Last week I got to help out with the City of Readers summer reading program at Dunedin Libraries. The concept was simple: 1.5 hours to make a movie trailer at the library. Here at Media Melt we make new content every week, should be a breeze right? Well, obviously when there are kids involved, things are never that simple. I visited four Dunedin Libraries and each one had its own pros and cons. I helped the kids with the ideas and recording the shots but for the most part, they knew what they wanted and they knew what they were doing. I learned a lot about iMovie and the trailer tool in those three days and now I'll give you my tricks and tips for making iMovie trailers with kids!
1. ALLOW ENOUGH TIME
Depending on the size of your group and the age of your kids, you will likely need two hours to create a full movie trailer. I had one group that was just two sisters, I think they were about 10 and 12, maybe a bit older. They were the only group that managed to actually finish their trailer. The younger the kids are and the more of them there are, the slower the process will be. Just allow for that.
2. CHOOSE A THEME
This step is a good example of more kids = more time. It takes forever for them to preview each theme and then rewatch the best ones, then decide which one they actually want to make. For three of the groups we had to draw themes out of a hat because (of course) everyone had a different favourite theme. I can highly recommend the Superhero theme and the Scary theme as the two best finished trailers. I probably should have made each group just pick one of those two, but it was cool seeing the process for some of the other themes too.
The iMovie outline is less of an actual outline and more just filling in names for the credits, but it's certainly fun. First you need to come up with a name for your movie, which is a bit easier now that you've decided on a theme. The first group chose the scary theme so went with the name "The Haunted Library of Dunners". This is great because you already sort of know what kind of shots you need to get - spooky places in the library and spooky things happening in the library. Next is the studio name which all groups had so much fun coming up with. Anything with studios, productions or films at the end works really well. Then you can fill in who's the director, executive producer, costume designer etc etc. We only really had directors, cinematographers and actors in all of our groups but every group took the chance to come up with funny names for the jobs we didn't fill.
The storyboard page tells you exactly what kind of shot you need and how long it will be cut to. This makes editing super easy as iMovie pretty much edits it as you go. The blue strips are the words that will appear on screen between shots to explain the story, so I got the kids to fill those in as we filmed the shots. I found they responded better to "ok what happens now?" instead of sitting down before we filmed and thinking about the whole story first.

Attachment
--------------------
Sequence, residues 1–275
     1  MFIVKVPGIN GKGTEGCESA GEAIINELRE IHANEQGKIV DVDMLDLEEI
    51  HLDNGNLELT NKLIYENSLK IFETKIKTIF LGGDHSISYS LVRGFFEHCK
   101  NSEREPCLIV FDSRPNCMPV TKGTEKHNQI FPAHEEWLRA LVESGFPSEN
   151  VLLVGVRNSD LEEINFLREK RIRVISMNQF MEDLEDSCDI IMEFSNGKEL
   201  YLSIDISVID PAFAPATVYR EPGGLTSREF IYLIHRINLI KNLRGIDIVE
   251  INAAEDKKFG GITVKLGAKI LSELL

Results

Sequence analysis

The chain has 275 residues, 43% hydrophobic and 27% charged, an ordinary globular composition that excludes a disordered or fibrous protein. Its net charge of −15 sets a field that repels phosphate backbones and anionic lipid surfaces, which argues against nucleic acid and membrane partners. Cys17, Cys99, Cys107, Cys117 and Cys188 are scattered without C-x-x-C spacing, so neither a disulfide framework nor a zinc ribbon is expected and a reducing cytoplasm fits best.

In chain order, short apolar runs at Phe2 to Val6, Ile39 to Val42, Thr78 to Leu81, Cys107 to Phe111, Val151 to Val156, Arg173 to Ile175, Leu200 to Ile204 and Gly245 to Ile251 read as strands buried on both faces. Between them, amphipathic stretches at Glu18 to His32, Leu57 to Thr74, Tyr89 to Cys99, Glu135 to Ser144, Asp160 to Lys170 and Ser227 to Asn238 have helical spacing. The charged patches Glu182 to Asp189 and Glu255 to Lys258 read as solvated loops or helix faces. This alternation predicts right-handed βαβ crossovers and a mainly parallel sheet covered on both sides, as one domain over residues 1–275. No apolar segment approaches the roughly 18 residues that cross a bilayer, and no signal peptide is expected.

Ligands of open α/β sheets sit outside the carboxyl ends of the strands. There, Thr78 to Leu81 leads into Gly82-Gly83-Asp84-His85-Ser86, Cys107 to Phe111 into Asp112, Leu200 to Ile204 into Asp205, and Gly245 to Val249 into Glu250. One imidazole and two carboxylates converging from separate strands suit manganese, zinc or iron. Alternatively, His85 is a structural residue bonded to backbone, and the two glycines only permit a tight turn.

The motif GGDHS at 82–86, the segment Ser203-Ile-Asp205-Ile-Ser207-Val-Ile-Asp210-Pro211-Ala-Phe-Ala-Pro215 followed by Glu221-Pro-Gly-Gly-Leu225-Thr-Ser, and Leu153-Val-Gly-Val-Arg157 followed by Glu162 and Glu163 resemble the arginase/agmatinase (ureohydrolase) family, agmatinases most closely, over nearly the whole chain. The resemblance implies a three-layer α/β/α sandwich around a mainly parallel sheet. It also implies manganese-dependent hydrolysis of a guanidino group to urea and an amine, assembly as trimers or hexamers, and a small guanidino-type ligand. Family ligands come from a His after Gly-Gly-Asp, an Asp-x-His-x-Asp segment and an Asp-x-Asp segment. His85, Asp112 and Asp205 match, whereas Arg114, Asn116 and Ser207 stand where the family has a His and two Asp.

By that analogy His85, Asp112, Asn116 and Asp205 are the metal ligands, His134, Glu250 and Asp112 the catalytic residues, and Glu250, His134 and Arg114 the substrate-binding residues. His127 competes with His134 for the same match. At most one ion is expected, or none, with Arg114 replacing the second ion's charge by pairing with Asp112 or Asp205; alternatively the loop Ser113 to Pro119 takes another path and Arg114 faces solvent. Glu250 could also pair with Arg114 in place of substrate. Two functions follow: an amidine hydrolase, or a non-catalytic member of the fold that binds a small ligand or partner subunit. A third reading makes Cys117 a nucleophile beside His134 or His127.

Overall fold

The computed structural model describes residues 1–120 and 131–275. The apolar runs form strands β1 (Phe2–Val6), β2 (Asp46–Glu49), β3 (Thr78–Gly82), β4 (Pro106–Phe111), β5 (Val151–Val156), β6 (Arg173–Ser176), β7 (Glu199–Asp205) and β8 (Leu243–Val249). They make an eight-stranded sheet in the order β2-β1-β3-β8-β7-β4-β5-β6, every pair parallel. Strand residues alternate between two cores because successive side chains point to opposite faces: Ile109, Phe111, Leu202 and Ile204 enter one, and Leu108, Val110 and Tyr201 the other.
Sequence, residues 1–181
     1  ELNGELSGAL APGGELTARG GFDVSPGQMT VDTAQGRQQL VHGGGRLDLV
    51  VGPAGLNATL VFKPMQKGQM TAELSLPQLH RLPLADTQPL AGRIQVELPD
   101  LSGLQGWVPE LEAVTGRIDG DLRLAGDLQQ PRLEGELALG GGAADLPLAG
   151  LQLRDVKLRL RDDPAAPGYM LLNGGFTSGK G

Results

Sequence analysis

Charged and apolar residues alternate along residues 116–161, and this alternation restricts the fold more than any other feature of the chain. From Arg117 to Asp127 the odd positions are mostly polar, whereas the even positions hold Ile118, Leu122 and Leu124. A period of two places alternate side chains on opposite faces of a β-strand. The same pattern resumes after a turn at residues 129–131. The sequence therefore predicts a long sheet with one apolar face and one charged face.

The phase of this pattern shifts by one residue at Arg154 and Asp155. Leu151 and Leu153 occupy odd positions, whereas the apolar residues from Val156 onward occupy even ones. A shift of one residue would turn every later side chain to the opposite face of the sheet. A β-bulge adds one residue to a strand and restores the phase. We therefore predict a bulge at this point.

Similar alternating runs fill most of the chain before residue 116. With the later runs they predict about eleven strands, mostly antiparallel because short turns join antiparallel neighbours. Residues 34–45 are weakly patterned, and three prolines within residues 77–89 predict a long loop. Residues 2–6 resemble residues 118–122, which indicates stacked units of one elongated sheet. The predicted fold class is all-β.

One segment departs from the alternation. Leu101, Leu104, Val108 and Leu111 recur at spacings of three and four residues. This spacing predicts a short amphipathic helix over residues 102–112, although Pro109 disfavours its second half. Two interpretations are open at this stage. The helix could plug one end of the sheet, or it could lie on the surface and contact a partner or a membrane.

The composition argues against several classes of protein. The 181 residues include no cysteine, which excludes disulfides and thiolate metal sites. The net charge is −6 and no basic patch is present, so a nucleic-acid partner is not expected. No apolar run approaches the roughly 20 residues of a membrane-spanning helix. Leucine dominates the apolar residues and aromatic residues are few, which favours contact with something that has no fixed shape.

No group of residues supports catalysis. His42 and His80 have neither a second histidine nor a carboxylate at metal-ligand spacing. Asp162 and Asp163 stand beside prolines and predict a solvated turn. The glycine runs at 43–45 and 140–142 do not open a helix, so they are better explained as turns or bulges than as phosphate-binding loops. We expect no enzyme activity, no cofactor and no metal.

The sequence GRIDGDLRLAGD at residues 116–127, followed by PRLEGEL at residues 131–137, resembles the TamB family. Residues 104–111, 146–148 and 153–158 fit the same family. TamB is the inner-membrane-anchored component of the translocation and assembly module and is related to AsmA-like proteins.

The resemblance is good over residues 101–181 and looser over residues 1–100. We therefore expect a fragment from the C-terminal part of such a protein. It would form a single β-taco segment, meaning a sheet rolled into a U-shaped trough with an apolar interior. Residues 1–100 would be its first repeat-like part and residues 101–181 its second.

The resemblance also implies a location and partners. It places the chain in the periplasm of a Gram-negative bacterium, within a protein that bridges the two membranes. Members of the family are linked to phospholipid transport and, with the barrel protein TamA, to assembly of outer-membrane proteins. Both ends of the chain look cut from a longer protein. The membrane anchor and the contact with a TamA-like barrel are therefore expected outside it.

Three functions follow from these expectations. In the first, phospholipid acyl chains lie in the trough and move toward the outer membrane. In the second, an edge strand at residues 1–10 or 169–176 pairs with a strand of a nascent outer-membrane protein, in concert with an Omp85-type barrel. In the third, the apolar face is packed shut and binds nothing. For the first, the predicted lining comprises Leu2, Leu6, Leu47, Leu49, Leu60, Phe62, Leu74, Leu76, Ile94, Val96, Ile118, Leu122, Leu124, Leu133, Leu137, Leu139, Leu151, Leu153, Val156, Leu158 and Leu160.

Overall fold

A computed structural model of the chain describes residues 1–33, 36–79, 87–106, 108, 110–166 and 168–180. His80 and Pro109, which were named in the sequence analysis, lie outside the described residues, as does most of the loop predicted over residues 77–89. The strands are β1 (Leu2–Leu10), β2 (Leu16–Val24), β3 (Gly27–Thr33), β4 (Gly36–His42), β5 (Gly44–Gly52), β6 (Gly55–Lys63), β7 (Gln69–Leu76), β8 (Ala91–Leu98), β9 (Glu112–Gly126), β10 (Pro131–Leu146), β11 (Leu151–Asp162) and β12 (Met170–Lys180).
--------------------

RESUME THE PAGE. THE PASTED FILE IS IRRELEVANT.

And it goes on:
In each group we had at least one kid that either didn't want to be in front of the camera or their guardian didn't sign the photo release, so they were our cinematographer. Filming is super easy, while you're in the storyboard you click on the shot you want to record and the camera will open. Press record and it will give you a three second countdown before recording. Then the storyboard shot is replaced with what you just shot and you can move on to the next one, or you can edit it.
Once you have recorded your shot, iMovie will always give you the option to edit it. iMovie starts filming from the countdown timer starting and also films a little bit extra at the end. You can scrub through the whole shot and pick the best two seconds from it to put in your trailer. Or you can delete the shot and start again. This "edit as you go" feature is great because as soon as you're done with the last shot, the trailer is finished and ready to preview.
7. WATCHING THE TRAILER
When you're done shooting and editing, press the done button in the top left corner and it will take you to the preview page. Then you can watch your finished masterpiece. iMovie automatically adds in cool overlays and music that matches the editing, so the finished product looks super impressive. The librarians and parents couldn't believe how much we packed into that hour and a half. For the groups that didn't quite fill in every shot of the storyboard, I exported the trailer and cut out the bits that weren't finished using Premiere Pro.
8. PROPS AND COSTUMES
I brought in a box of random props that we have at the Media Melt office and asked the librarians to source anything they could too. Hats and toys and scarfs, anything that might be useful. We have a plastic (almost life-sized) skeleton called Fred and all the groups used him in some way. The props helped prompt a story, obviously if there's a big plastic skeleton there then you'll put a skeleton in your story, if you have a heap of scarves then you'll probably go for a superhero vibe. One kid sees a big coat in the box and suddenly he's a detective - great, ask what happens next and he'll have a story already in his head. It's kind of an obvious one but all the props made my job a lot easier.
So there are my tips for making an iMovie trailer for kids, make sure you have enough time, keep them inspired and you'll end up with something pretty impressive.
If you have any questions leave them in the comment section, otherwise I'll be back next week with a new blog post!
Media Melt is a Video Production Company based in Dunedin, New Zealand. If you have any enquires, feel free to contact us here